Stone throwers’ president beats OBE for Cormac MacConnell

It is ironically and bitterly true that the two greatest honours bestowed on me during my increasingly longer lifetime are directly connected to my frequent attendances in good lively public houses in Co Clare.

That reality struck me like a sledgehammer this week, when news reached me of the untimely passing of my good friend, John Campbell of The Inchiquin Inn, in the angling village of Corofin, on the edge of The Burren.

We lived there for a couple of years, about two decades ago, and that is how I became acquainted with genial John and his wife Anne, who ran a splendid establishment in the centre of the village.

There was always craic there, and Roscommon-born John had a wry, sharp edge to his flow of wit, which I always enjoyed.

They brought John back the other day to his native Strokestown for final repose, but the couple were a very central part of the Corofin community, always.

And it was because of this reality that I received a perennial honour, far more important to me than any knighthood or OBE of the type dished out by the Queen across the water last week.

At a community meeting to discuss ways of attracting even more visitors to Corofin, you see, I bravely made the proposal that the village should annually stage the All Ireland Stone Throwing Championships.

There was enthusiastic support, especially from John himself, the event has been running every Whit weekend since, and, because it was my idea, I was immediately appointed lifetime President of the organisation.

And that is the pure truth, of which I am very proud indeed.

The event is staged in the backyard of the Inn.

Contestants, both male and female, pay a few euros entry fee, to be armed with smooth sea stones, which they hurl at empty bottles mounted on iron spikes.

There is very keen competition, always.

Every man who was once a boy always loved to throw stones at empty bottles.

It is not easy to be accurate, though, in the heat of competition behind the Inchiquin Inn.

I qualified once for the final, but did not win.

The prize that first year went to a kilted Scot, a Rangers supporter, who was lethal with a stone in his hand.

He enjoyed his win hugely.

I cannot remember who the lady champion was, but clearly recall all the elemental enjoyment of throwing stones legally and safely in an enclosed space.

The competition has run successfully every Whit since then, and nobody enjoyed it more than John himself.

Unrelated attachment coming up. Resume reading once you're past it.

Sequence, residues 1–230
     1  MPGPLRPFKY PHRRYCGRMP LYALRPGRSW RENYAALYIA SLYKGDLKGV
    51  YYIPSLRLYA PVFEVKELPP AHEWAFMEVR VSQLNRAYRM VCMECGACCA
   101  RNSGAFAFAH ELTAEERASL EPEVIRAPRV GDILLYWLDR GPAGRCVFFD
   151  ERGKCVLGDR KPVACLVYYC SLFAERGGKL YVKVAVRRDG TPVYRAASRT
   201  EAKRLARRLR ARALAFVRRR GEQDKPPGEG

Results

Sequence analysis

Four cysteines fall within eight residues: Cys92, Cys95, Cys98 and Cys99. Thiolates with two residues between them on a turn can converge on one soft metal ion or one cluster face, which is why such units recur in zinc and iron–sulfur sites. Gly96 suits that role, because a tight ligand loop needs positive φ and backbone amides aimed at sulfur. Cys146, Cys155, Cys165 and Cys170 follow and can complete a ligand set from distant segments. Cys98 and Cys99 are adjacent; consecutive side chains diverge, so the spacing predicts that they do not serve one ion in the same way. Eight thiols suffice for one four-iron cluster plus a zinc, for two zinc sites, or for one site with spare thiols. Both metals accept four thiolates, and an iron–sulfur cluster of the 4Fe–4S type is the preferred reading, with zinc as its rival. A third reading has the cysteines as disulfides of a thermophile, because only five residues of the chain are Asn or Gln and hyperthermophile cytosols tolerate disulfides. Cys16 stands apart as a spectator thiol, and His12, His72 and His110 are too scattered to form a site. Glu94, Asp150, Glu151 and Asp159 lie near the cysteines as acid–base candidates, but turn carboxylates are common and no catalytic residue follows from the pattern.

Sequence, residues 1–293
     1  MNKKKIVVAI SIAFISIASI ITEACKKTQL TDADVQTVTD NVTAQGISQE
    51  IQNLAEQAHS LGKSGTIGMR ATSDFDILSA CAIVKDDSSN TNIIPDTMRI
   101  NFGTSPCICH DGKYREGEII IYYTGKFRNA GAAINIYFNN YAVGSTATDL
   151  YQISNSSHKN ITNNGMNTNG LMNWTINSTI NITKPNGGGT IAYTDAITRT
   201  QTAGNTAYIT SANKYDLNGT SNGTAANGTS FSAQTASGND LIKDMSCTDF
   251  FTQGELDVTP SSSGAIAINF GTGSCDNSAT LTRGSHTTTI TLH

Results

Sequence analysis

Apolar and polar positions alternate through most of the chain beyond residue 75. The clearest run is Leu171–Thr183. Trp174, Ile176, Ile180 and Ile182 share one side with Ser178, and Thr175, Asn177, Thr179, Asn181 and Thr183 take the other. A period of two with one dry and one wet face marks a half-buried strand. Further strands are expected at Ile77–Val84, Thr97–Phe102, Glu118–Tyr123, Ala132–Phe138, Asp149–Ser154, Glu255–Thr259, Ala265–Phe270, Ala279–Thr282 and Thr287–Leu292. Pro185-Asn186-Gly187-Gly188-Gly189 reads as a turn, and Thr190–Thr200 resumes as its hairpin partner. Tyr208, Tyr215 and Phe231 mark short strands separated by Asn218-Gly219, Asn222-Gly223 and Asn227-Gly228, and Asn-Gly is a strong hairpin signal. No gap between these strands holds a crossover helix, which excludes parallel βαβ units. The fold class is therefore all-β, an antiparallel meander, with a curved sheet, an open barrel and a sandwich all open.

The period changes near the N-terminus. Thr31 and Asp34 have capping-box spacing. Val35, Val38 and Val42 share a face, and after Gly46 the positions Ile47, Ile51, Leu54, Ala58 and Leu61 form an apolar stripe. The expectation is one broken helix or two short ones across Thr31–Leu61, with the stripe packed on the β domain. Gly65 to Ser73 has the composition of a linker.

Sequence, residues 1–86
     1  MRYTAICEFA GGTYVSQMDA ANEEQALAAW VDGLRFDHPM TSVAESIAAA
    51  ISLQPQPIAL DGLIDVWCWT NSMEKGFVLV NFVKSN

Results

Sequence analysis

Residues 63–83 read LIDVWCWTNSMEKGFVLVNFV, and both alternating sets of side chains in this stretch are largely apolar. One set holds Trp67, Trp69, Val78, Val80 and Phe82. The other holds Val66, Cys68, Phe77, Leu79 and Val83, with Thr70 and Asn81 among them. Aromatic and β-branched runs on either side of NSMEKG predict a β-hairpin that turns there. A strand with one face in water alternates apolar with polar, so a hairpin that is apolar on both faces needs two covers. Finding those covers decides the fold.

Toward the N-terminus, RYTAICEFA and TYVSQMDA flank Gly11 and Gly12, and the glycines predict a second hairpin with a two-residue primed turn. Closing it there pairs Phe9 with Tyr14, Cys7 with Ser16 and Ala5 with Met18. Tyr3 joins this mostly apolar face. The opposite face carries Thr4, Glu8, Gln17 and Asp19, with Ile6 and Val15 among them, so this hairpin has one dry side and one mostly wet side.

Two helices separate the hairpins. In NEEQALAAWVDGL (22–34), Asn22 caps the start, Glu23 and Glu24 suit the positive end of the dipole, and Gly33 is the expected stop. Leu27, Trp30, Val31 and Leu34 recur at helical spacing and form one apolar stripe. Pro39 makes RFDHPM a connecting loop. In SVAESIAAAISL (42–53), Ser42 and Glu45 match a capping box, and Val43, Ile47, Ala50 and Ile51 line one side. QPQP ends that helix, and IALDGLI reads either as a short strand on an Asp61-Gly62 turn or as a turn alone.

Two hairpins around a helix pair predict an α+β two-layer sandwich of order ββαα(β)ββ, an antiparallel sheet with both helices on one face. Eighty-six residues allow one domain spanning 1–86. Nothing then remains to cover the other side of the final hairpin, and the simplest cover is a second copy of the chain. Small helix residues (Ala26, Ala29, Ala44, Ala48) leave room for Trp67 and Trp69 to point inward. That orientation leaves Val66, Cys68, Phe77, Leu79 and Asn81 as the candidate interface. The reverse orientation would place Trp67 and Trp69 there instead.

He will be sorely missed next Whit, when the unique competition begins again.

May he rest gently in the pastoral peace of Strokestown. I will miss him sorely.

The second honour granted to me because of what you can call my support for my local pub is maybe open to bawdy enough comments from my former neighbours around the fabled Honk Bar on the perimeter of Shannon Airport, but I still treasure it hugely.

What happened here, at the time when the smoking ban in pubs was implemented, is that I railed loudly both in the pub and in print against what I perceived to be a cruel stroke against my civil liberties.

I was wrong, of course, and freely admit that now, but each night I was there, I would complain very bitterly about having to leave my pint behind at the bar as I retreated out to the porch for my smoke.

Especially on the cold winter nights.

The male host of the house, John Quinlivan, exactly like John Campbell, has a wry, sharp, one-liner kind of wit.

One night, when I arrived up, I discovered that John had affixed an overhead sign to the ceiling of the porch.

It was the size and shape of a car number-plate, and read simply, “Cormac’s Hole”.

Since one has to pass through the porch to the bar, I leave it to yourselves to gauge the nature of the bawdy responses that sign generated.

I suffered sorely, but was secretly delighted and, on a visit back to The Honk just as the old year died, I was as pleased as punch to see the sign is still totally intact.

Those of you who enjoy a good pub night in good company should make it your business to drop into The Honk this year, if you are anywhere close.

And when ye are passing through the porch, maybe remember me...


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